Posts Tagged ‘seed catalogs’

seed-catalogueIt has been a wonderful Christmas season here in North Georgia. While many parts of the country are suffering under the weight of major winter storms and frigid winds, we have enjoyed unusually pleasant conditions. In fact, it was 73 degrees on Christmas day.  Today is the 28th and it’s still gorgeous.

After terrible drought that lasted from late spring, we’ve had plenty of rain in December and with the recent warm up, our pastures and lawns are showing signs of life again. It’s such a blessing.

There are many things I love about this time of year, including: eggnog, carols, colored lights, Emmanuel, decking the halls, and getting the mail. Each afternoon I rush to the mailbox in eager anticipation of what the postman has delivered. And most days, among the Christmas cards, seasonal flyers, and bills, is at least one or more catalogs from seed companies around the country. I cherish each one of them, and devour them like a hungry man devours a bologna sandwich.

You see, it’s garden planning season. It’s time to see what’s new and to ensure our tested and true varieties of fruits, vegetables and flowers are still available. It’s time to decide what we’re planting, what we’re NOT going to grow this year, and what new things we want to try.

Please, I beg you, don’t wait until April or May and go all impulsive at the garden center. Make your plan now. Order your seeds.  Think it through. If you don’t, I promise, all those colorful plants and seed packets in the centers will mesmerize you into buying all kinds of things you don’t need. After those long winter nights and short days, our resistance is down and the first signs of spring will make us vulnerable to many shiny, colorful, growing things.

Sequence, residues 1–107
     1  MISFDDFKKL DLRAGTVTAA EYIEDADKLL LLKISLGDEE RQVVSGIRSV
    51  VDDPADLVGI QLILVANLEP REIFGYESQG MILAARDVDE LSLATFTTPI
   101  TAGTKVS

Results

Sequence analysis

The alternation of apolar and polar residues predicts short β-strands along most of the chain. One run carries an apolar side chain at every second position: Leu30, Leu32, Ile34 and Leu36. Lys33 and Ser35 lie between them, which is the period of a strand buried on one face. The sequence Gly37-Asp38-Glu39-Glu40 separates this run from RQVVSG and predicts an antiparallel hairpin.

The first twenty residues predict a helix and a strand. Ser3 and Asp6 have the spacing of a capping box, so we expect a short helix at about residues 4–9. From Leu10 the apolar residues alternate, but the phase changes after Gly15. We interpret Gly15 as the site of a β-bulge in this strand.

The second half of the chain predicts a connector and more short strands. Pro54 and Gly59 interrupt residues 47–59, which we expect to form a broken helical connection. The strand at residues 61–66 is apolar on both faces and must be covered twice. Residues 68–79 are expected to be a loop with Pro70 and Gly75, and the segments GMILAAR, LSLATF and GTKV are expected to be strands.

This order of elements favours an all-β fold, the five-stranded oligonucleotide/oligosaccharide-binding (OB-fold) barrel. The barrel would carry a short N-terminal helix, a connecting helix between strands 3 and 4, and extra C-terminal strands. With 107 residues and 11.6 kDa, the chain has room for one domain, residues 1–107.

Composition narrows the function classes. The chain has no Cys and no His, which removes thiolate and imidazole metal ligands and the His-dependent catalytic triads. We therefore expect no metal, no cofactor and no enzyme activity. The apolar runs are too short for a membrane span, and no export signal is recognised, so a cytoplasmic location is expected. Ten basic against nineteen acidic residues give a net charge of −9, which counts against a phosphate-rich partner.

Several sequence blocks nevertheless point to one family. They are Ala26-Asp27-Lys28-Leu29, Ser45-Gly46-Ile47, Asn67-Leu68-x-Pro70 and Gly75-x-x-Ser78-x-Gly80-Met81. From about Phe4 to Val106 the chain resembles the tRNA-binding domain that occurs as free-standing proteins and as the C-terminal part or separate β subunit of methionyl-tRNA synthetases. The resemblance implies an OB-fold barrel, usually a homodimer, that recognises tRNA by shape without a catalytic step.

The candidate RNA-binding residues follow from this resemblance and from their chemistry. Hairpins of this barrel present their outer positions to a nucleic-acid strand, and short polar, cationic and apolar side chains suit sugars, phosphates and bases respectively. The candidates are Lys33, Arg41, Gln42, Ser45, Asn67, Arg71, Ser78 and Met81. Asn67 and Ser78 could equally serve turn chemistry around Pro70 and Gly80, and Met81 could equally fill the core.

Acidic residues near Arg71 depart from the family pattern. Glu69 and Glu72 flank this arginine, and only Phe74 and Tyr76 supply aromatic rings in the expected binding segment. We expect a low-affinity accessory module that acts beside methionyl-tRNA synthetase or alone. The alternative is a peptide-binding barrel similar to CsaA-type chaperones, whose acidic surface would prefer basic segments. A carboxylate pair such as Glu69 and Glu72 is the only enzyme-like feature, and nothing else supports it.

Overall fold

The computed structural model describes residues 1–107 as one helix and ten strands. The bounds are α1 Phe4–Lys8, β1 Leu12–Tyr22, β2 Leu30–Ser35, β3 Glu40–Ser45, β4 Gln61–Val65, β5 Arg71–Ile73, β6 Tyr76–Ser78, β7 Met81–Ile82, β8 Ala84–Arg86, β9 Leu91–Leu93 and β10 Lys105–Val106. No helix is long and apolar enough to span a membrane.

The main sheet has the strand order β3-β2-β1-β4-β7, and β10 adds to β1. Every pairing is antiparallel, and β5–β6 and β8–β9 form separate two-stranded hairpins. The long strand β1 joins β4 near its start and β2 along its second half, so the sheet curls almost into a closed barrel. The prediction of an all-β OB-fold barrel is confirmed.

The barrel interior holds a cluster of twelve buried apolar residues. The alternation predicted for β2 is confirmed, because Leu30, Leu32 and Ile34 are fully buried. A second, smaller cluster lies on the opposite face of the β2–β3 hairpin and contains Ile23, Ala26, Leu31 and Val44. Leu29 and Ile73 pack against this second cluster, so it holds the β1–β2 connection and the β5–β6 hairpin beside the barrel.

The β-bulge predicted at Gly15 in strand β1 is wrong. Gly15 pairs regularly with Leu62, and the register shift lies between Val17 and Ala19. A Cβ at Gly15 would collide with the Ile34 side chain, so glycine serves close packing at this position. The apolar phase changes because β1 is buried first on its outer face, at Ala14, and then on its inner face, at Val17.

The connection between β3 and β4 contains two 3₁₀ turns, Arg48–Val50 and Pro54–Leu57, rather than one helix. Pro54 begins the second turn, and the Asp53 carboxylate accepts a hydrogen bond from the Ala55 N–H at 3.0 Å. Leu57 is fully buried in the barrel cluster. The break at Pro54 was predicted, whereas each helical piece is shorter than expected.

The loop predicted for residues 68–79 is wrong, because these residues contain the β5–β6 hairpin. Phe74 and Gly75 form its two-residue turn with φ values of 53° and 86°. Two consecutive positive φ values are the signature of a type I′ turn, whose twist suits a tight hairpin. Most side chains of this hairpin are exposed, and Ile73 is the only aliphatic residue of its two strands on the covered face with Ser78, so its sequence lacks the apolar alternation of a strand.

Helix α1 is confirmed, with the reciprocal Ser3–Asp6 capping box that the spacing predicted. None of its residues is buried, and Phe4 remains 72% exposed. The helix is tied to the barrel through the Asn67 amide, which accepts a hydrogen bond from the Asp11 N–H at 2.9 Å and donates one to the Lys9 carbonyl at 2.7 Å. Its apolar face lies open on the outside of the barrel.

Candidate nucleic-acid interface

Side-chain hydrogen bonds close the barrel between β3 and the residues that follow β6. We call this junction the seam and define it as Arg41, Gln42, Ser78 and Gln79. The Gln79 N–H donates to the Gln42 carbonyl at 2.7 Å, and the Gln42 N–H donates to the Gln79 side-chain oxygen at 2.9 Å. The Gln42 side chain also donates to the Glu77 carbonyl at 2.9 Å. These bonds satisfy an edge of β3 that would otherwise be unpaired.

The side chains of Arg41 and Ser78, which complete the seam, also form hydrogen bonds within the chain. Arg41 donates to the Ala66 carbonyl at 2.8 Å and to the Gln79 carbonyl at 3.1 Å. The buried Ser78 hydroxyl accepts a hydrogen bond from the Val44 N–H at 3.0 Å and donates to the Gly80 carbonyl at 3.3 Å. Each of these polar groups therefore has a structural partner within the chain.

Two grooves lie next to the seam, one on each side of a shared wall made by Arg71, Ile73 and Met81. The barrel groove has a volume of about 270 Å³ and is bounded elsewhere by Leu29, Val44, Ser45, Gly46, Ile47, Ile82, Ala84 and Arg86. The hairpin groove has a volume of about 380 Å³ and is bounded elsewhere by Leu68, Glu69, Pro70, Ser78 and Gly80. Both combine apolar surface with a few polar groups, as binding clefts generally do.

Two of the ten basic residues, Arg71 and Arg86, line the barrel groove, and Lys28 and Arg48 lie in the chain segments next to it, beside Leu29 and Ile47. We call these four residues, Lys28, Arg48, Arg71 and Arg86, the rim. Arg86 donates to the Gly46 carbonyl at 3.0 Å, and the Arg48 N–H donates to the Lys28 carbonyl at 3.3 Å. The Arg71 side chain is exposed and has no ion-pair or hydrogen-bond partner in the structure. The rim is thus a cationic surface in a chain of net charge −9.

Lest I deceive you into thinking I have an iron will and self-discipline of steel, I should disclose that I am as weak as any other man. Even the catalogs have me creating wish lists that would require 40 acres of gardening space.  The photos of delicious looking veggies, beautiful flower assortments, and highly productive trees combined with elaborately written descriptions of the varieties, make my head spin.

Fortunately, I’ve done this long enough, that by the time I’m ready to purchase; I’ve come down from my catalog high and have regained a modicum of reason.

Since I’ve kept notes on what worked and what didn’t from the previous season, I am able to know what I DON’T want, as well as what I do.

If you’re new to gardening, you’ll likely be overwhelmed at all the choices. You think you want to grow green beans, and then you discover dozens of varieties that you have to choose from. Oh and let’s not forget you have to choose, bush, pole, or runner varieties.